by Sheldon P. Hersh (Lawrence, NY)
Crumbs are rarely, if ever, a topic for discussion. And rightly so for these annoying particles serve no obvious purpose and even tend to complicate our lives by finding their way into some of the most obscure and difficult to clean places. Crumbs, by their very nature, deserve to be thrown out with the rest of the trash. My mother, however, had an entirely different outlook when it came to crumbs. A Holocaust survivor, she would never permit food, no matter what the size, to be discarded in so demeaning a fashion. In her kitchen, crumbs were afforded a layer of respectability and were never included with the refuse that was thrown into the trashcan. At our home, crumbs were properly collected and set aside so as to ensure a more fitting and sensible method of disposal.
With her hand properly cupped, my mother would deftly sweep every visible crumb into a waiting bag that had recently been selected as a repository for our collected crumbs. “How can I throw this food away? These crumbs could have been a source of nourishment and hope in the camps and ghettos where there was little or nothing to eat,” she would solemnly recount. When it came to food, nothing would ever go to waste; it was simply out of the question to do so.
During the war, Jews, like my mother, quickly became masters of improvisation, cleverly turning less than desirable edibles and scraps into presentable, life-sustaining meals. Crumbs were part of the process and had taken on a new found importance in the camps and ghettos. Leftover bits of bread were always eagerly sought out and occasionally fought over by those driven by all consuming hunger. Oftentimes hidden on one’s person, crumbs became the currency of survival when food rations were not forthcoming or when a sick loved one was in dire need of nutrition. While growing up, if we children happened to be present during the collection of crumbs, mother’s stories relating to food, or lack thereof, would always accompany the gathering process. “We scavenged for crumbs,” mother related tearfully. “Crumbs meant survival. Crumbs could have given a ghetto resident another day of life.”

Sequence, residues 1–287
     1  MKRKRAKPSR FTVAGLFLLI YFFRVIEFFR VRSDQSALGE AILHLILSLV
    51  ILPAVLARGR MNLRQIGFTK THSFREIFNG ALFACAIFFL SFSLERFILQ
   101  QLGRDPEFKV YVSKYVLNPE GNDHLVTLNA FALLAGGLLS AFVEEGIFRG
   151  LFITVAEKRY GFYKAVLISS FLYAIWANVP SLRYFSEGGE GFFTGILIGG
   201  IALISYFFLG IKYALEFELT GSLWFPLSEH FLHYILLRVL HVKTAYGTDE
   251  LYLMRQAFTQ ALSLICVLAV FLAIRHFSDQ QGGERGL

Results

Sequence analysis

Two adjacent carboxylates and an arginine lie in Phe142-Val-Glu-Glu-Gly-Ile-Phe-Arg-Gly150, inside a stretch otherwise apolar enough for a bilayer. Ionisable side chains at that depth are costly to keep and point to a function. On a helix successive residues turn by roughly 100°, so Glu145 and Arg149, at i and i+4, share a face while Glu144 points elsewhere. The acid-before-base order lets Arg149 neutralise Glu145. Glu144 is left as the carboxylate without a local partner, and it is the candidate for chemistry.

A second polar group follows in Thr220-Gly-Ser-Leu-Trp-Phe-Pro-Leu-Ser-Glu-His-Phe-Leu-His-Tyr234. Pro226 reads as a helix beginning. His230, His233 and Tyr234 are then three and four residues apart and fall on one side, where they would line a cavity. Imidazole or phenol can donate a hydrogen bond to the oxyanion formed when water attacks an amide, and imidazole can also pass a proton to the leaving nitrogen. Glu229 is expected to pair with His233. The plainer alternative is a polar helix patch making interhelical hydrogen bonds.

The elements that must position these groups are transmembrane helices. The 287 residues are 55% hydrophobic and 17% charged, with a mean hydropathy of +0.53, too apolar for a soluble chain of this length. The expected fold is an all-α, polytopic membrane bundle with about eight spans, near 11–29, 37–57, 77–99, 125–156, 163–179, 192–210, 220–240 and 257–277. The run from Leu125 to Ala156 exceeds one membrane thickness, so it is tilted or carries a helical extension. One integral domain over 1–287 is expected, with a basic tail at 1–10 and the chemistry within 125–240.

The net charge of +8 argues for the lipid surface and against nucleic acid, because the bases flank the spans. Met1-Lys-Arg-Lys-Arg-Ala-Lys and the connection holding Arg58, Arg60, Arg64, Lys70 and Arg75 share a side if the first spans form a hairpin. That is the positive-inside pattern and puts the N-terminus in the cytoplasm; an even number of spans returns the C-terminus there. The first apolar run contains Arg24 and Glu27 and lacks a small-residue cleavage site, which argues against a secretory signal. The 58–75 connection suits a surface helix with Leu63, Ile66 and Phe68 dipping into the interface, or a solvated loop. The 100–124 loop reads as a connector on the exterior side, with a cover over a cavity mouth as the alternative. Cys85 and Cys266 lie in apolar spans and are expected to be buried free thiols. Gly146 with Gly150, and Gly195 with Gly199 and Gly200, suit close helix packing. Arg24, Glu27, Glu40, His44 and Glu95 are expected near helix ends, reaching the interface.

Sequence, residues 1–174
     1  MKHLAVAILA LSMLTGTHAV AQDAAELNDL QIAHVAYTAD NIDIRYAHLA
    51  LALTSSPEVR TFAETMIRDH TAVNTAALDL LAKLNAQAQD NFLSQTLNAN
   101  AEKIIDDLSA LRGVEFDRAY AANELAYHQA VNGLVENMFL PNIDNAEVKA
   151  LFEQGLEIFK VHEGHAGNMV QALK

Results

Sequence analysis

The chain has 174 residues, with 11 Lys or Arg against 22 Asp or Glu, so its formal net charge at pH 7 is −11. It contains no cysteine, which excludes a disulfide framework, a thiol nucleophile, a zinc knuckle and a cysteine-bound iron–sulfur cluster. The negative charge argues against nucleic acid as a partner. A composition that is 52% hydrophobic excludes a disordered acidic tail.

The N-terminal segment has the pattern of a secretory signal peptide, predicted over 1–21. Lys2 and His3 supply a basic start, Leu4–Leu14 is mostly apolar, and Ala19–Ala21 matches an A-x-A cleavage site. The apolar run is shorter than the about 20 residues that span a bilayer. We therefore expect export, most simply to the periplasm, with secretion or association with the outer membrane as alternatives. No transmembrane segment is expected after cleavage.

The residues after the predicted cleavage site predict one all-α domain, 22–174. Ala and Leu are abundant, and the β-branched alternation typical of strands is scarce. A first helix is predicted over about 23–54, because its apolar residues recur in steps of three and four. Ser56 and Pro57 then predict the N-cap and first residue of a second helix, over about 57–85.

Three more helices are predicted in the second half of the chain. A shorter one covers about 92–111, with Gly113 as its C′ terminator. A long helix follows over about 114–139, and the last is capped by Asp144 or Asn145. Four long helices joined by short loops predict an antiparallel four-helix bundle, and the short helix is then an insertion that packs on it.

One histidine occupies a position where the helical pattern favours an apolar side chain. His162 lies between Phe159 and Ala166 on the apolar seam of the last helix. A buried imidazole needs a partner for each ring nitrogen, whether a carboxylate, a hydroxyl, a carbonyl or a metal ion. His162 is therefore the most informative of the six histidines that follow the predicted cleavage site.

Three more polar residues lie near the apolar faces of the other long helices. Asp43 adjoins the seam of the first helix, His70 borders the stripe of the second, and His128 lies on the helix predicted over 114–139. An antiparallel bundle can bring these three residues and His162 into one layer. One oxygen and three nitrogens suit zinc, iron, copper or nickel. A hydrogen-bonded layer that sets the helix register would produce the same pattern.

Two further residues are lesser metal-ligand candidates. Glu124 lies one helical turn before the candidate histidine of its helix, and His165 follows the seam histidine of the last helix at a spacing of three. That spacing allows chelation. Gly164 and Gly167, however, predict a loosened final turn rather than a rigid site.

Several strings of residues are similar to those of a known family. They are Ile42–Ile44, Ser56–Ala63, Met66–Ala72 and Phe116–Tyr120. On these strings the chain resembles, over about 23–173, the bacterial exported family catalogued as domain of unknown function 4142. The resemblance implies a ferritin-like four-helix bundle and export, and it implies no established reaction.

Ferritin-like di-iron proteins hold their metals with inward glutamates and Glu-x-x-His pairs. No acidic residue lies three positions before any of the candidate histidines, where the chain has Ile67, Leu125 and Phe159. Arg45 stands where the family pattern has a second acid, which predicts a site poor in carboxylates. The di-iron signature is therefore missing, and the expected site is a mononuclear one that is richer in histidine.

Each meal and snack produced a new crop of crumbs and the bag would slowly fill. Once it was decided that the right amount was present, my mother would dutifully make her way to a pre-determined site in the back yard and begin sprinkling crumbs upon the ground. In no time at all, birds, accompanied by an occasional squirrel, would appear and descend upon this feast of tantalizing crumbs. The symphonic rhythm of the birds’ frantic pecking interspersed with the sporadic sounds of flapping wings had become an unforgettable melody that would bring a knowing smile to her beaming face. She was overjoyed knowing that nothing, not even the smallest crumb, had gone to waste and that some hungry creature had been given a proper meal.
Our custom of collecting crumbs quickly ended with my mother’s passing. Crumbs had suddenly become a nuisance of sorts and there were more important things to do with our precious time. Yet every year when the winter months arrive, I find myself hypnotically drawn to the window that overlooks my own backyard. The ground, now bare and frozen, provides very little nourishment to the few winged residents that have elected to remain behind. Every once in a while, a number of birds land unexpectedly beneath the window and begin pecking aimlessly at the lifeless ground below. With nothing to show for their efforts, I can sense their frustration and disappointment as they raise their eyes in my direction and give me a look that nearly always conveys the same simple, yet urgent, request: remember… please remember us.
Sheldon P. Hersh, an Ear, Nose and Throat Physician with a practice in the New York metropolitan area, is the co-author of The Bugs Are Burning, a book on the Holocaust. For more information about his work, visit: http://tinyurl.com/86u3ous